“To conserve that type of habitat — all the connectivity and migratory flyways for birds and other wildlife species that rely on those environments — it’s really critical that we not just focus on conserving public lands but also work with private landowners. Because they’re the ones that have that habitat,” she explained.
How it works
Land trusts are nonprofits that enter into voluntary legal agreements with landowners to preserve natural characteristics. Certain agreements also involve state agencies. A property owner who has riverbanks, for example, may agree with Colorado Parks and Wildlife to set up a path for the public to access for fishing.
Weir said each agreement is tailored to the land, but they are typically a donation or sale of certain property rights. Usually, conservation agreements allow for continued ownership of land.
They also tie water rights to a property. “The threat of water export out of the valley was one of the fundamental reasons that the organization was formed back in the ’90s,” Weir said.
These deals often limit some types of future development. Any restrictions carry forward, even if the land is sold.
Landowners are compensated if they are selling the property rights, and they also receive tax incentives.
Brown said conservation is a trust effort — a method to preserve land alongside people who work the land.
But time is of the essence.
“I think that word hope is a double-edged sword, because it always puts us thinking, ‘Oh, in the future, I’m hoping for the future.’ Well, what about the present?” He asked. “Let’s deal with the present right now. Let’s all collectively feel what it feels like to see a river dry up when it’s supposed to be and it has historically been flowing all the way down.”
Does nature have rights?
Environment and conservation rights are latecomers to the water allocation game. Colorado first designated keeping water in streams for conservation as a legal use in 1973.
“That means these rights are pretty junior, because most of the water was allocated to irrigators and cities long before that,” said Glenn Patterson, a professor of introductory water law at Colorado State University.
Water users have donated more senior rights to keep flows in the rivers and streams, but it’s not always clear what explicit rights nature and conservation have.
“It’s a gray area,” Patterson said. “There’s this recognition that it makes sense to leave water in-stream, but it’s not a guarantee that all streams are going to have enough water for their ecological needs.”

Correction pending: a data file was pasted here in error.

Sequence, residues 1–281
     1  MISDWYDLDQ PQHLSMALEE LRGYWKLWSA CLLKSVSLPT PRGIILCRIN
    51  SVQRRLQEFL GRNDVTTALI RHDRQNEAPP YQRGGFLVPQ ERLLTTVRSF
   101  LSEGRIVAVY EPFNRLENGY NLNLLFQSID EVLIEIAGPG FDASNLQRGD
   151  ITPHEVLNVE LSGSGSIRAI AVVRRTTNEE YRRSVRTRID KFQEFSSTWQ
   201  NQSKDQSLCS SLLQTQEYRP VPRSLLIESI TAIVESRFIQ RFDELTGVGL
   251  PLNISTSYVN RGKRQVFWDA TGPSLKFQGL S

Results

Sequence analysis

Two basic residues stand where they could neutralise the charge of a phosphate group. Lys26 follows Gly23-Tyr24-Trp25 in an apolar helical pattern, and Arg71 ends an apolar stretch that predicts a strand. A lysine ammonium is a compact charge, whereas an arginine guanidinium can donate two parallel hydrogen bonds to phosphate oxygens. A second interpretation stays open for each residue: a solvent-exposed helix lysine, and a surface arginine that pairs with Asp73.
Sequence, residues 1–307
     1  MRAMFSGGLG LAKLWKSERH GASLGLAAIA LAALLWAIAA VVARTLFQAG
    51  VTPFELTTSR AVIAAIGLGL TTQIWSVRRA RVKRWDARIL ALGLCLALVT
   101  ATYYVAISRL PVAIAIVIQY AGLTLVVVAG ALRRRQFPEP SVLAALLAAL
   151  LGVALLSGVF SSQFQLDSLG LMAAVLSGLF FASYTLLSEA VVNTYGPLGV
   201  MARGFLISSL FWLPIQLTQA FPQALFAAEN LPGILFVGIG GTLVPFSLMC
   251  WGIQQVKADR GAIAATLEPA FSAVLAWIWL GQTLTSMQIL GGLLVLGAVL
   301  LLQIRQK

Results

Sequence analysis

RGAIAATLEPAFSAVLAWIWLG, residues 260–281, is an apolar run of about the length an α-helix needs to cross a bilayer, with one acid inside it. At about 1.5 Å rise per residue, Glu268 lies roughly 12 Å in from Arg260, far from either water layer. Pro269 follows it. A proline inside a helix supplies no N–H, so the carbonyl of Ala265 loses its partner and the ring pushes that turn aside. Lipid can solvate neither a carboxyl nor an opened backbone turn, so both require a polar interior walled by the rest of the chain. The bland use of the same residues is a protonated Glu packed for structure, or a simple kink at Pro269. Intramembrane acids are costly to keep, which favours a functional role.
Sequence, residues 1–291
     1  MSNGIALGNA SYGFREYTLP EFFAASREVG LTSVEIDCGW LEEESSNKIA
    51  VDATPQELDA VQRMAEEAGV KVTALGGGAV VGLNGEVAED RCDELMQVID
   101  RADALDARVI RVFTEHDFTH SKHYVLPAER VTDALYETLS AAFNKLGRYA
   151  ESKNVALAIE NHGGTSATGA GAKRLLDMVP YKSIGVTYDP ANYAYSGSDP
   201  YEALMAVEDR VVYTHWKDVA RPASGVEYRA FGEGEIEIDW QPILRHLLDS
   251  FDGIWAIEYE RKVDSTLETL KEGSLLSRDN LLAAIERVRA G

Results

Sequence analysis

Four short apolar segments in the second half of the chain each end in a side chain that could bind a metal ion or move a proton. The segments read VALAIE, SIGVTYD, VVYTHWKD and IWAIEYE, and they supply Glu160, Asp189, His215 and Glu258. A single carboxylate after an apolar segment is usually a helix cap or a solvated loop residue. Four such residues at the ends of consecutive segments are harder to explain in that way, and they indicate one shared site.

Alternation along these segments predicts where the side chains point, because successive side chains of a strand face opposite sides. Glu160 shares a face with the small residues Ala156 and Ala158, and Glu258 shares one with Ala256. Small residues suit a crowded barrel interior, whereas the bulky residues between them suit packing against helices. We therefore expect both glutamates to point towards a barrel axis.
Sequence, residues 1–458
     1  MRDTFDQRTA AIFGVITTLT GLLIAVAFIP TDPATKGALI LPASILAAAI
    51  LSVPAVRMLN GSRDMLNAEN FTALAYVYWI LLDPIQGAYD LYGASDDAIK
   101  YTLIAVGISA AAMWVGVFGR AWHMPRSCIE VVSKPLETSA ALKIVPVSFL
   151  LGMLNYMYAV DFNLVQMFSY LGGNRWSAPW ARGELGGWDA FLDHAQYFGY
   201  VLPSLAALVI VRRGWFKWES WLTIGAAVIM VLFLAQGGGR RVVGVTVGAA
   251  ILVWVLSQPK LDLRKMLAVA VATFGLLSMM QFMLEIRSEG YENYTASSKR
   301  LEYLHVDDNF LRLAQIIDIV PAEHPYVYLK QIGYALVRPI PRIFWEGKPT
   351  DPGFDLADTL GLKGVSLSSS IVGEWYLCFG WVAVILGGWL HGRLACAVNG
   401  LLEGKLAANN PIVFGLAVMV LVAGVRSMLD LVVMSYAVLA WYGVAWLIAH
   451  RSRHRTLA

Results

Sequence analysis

Looking for answers in tradition
MONTE VISTA, Colorado — Linda Schoonover is a woman of two minds, liking to straddle both tradition and innovation. She’s been a longtime member of the trust’s board, bringing a ranching perspective.
Her hair is cut in a blunt bob, and she likes to brew the coffee extra strong. Sitting in the glass-paneled foyer, she’s fast-talking, cracking jokes like a whip.
Her herd of Black Irish Angus and Longhorns is down to 50. In years past, she ran between 500 and 600.
“I’m an old lady now,” she laughed. “I do all the calving, the lambing, the irrigating, the pasture management.”
She’s uncertain what the future will bring for farming and ranching, but asks if some of the answers are in tradition. In reclaiming the pasture from dust, she raised drought-resistant black grama, a native grass, and cultivated an older strain of Vernal alfalfa.
“The old Vernal stuff has roots to China, and it’ll pop up, no matter what,” she said. “Even in a drought you’ll see these big clumps of Vernal alfalfa.”
Ranching keeps her grounded. When she’s making cuts in the ditch to pour water into the alfalfa meadows, when she’s hunting for worms or nursing a calf, it connects her to tradition. For her, that tradition also means conservation.
“I think while we’re here on this great Earth, we’re stewards,” she said. “You don’t be a big old slob. You don’t blow things off. You take care of things to the best of your ability.”
That means establishing limits, she added — something society has been reluctant to do.
“How do you stop growth?” she asked. “That’s the question to end all questions in the West.”
This project was funded by a grant from the Water Desk and by States Newsroom, a network of nonprofit news organizations and home to Source NM.